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Devoted to Democracy: Ensuring Integrity in Honduras’ Elections (Part 2 of 2)
By UUSC Staff on November 26, 2021
In Part 1 of this series, we explored a panel discussion with a UUSC partner in Honduras on the importance of the upcoming elections on Sunday, November 28, 2021. In this final installment of the series, we examine how UUSC is supporting the democratic process in Honduras and ensuring that the elections are conducted with integrity and fairness.
On Sunday, November, 28, the nation of Honduras will hold its general elections. These elections are pivotal for the country as for the last 12 years, Honduras has been ruled by the National Party, a political party known for its corruption, violence, and dysfunctional leadership. However, UUSC will be sending a staff member to Honduras to participate in election monitoring to ensure fairness when people go to the polls.
In 2009, the National Party came to power in a coup d’état that the Obama administration supported. This was a direct affront to the U.S. principles of democracy and fairness and the administration’s affirmation of the National Party’s installed president, Roberto Micheletti, infuriated the leaders of other Central American nations. For more than a decade, Honduras has been rife with political incompetence, corruption, violence, poverty, income and wealth inequality, despotism, and a citizenry clearly dissatisfied with its leadership. Anyone who spoke out against the government, from journalists to activists, was silenced and the end of 2017 would see more than 22 people dead after violent protests happened in the wake of another fraudulent election that kept the National Party in power.
Honduran people have left the nation in droves, dissatisfied with the high rates of crime, violence, gang activity, and the clear collusion between the Honduran government and corporations. The judicial system was—and still is—rigged against those without money and power. President Juan Orlando Hernández has even been linked to drug trafficking; his brother was convicted of the crime in the United States and will serve a life sentence.
Throughout the nation, land grabs have become common. Wealthy corporations invade and occupy lands for the purpose of extractive projects like oil, gas, and mineral mining. The pollution and disruption these operations have on the communities has forced thousands to flee. Those who do stay are subject to the whims of the corporate entities that dictate how the land will be used. The Guapinol water defenders, a group of men and women in Honduras’ Bajo Aguán valley who have spent the last three years fighting a corporation threatening the community’s fresh water sources, are a clear example of the David and Goliath battle between communities and corporations in Honduras. This group has been charged with an array of crimes for their acts of resistance and several are still enmeshed in the judicial system as they wait for their trials to make their way through the nebulous court system—a system already deeply beholden to corporations.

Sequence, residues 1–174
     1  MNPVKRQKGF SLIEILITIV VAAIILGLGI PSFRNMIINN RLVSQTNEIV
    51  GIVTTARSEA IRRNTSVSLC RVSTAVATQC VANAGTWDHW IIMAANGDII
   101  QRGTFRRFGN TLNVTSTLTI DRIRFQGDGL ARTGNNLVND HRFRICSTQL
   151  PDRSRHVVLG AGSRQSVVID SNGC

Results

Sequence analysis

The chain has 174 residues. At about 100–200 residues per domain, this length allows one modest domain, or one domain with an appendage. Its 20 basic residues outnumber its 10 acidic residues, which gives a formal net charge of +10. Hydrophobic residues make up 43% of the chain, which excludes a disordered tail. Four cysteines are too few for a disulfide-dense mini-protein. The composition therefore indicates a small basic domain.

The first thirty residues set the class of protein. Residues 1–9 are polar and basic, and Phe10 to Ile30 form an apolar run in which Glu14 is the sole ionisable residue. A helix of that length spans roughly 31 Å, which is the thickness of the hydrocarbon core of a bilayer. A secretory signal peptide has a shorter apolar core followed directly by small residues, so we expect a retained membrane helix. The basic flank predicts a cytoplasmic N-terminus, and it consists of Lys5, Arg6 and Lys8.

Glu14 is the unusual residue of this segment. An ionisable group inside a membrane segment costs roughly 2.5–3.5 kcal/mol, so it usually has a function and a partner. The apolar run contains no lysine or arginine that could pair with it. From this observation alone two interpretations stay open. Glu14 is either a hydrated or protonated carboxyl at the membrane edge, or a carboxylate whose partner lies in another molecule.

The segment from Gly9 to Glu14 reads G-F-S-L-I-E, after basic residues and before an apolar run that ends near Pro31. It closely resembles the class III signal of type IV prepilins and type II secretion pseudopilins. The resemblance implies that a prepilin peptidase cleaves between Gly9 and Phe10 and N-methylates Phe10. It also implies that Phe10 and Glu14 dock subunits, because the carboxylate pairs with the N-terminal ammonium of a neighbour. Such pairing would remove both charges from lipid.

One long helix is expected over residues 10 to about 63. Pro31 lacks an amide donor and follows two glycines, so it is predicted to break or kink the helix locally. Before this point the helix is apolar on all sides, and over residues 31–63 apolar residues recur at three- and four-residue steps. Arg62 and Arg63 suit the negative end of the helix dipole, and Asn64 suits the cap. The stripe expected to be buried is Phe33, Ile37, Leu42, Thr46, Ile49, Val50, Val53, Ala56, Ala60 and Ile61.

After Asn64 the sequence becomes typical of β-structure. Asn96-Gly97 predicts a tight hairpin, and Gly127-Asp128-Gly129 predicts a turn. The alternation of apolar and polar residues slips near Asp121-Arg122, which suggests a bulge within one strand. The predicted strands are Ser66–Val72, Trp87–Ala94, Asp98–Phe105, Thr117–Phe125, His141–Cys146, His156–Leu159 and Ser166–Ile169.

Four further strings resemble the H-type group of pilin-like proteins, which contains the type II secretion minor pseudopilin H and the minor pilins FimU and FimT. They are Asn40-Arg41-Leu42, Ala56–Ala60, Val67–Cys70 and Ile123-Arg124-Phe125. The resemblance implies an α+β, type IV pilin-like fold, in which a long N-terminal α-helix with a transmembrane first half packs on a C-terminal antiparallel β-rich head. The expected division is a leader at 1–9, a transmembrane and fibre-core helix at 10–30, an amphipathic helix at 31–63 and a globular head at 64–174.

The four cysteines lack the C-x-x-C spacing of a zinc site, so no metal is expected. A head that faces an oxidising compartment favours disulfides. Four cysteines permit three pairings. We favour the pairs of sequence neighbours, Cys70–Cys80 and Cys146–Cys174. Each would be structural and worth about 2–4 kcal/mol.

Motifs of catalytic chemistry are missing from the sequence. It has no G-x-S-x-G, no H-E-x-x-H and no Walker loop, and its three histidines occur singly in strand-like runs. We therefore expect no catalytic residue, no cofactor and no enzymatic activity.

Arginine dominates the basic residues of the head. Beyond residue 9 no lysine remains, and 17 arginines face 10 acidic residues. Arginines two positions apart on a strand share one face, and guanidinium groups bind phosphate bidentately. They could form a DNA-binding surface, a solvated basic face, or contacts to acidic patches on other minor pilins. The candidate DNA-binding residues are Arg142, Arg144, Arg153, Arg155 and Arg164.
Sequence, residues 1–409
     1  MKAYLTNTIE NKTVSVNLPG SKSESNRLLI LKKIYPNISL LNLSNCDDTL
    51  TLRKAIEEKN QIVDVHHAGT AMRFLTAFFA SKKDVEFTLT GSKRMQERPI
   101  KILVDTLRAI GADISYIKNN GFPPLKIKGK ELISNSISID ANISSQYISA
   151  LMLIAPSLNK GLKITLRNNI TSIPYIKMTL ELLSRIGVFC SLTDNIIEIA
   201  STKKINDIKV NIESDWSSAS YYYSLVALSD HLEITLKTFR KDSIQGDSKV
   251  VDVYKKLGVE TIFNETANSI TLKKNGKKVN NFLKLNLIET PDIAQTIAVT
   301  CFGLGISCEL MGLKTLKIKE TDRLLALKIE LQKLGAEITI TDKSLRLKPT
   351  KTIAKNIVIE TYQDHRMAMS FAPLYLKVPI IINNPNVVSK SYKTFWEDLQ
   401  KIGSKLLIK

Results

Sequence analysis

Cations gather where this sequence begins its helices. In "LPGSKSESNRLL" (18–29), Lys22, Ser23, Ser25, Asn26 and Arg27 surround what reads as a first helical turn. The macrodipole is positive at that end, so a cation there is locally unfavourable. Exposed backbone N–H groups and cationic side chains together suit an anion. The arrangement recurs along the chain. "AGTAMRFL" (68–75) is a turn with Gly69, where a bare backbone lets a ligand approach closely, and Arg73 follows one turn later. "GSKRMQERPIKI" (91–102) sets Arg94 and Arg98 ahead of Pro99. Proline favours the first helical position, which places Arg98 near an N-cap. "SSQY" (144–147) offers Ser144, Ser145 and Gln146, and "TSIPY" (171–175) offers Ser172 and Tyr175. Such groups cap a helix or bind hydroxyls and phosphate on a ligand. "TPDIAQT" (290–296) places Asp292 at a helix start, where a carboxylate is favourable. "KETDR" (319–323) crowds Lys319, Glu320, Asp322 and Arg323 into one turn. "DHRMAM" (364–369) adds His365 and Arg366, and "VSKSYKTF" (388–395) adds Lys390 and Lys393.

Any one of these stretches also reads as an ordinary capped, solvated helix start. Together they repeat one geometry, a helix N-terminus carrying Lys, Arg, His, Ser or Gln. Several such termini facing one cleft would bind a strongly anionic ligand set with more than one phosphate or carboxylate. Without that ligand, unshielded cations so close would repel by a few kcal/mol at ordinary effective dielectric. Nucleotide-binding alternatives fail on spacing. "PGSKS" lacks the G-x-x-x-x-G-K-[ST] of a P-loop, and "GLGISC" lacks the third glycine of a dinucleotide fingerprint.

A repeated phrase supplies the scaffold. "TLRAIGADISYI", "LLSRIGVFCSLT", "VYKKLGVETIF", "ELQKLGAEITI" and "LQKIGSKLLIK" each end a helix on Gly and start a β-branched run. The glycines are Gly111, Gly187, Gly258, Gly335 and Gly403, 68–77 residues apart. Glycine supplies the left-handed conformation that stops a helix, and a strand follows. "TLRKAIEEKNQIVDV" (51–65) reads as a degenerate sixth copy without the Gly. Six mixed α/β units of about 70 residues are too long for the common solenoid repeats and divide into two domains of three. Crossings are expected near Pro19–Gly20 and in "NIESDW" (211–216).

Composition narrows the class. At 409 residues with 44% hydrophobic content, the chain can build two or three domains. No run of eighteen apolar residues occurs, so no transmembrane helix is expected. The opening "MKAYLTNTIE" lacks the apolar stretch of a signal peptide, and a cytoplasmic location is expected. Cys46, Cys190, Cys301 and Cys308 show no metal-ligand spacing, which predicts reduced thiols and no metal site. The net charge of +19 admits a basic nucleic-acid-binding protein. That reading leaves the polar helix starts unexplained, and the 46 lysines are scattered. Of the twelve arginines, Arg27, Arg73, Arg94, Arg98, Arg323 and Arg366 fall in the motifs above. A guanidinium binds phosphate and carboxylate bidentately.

Honduras is one of the most dangerous nations for environmental defenders and numerous people have been disappeared or killed for their advocacy.
In 2021, more than two dozen candidates for office have been killed in a year that has seen a massive amount of violence inflicted upon those who oppose the National Party. Xiomara Castro of Libertad y Refundación party (Libre) has emerged as the most popular candidate for the presidency, which has undoubtedly made leaders in the National Party nervous. Violence and disinformation have been used to either dissuade people from voting or to convince entire communities that the National Party’s platform is one that will better serve Honduras’ people—a contention disproved by the last 12 years of the party’s rule.
UUSC human rights researcher Leonardo Valenzuela Pérez will be visiting Honduras as an election monitor as part of an international effort to ensure that the elections are conducted with integrity and in alignment with the most basic principles of democracy. UUSC’s hope is that placing international attention on Honduras’ elections will ensure that the electoral process is respected.
Photo Credit: Foro de Mujeres por la Vida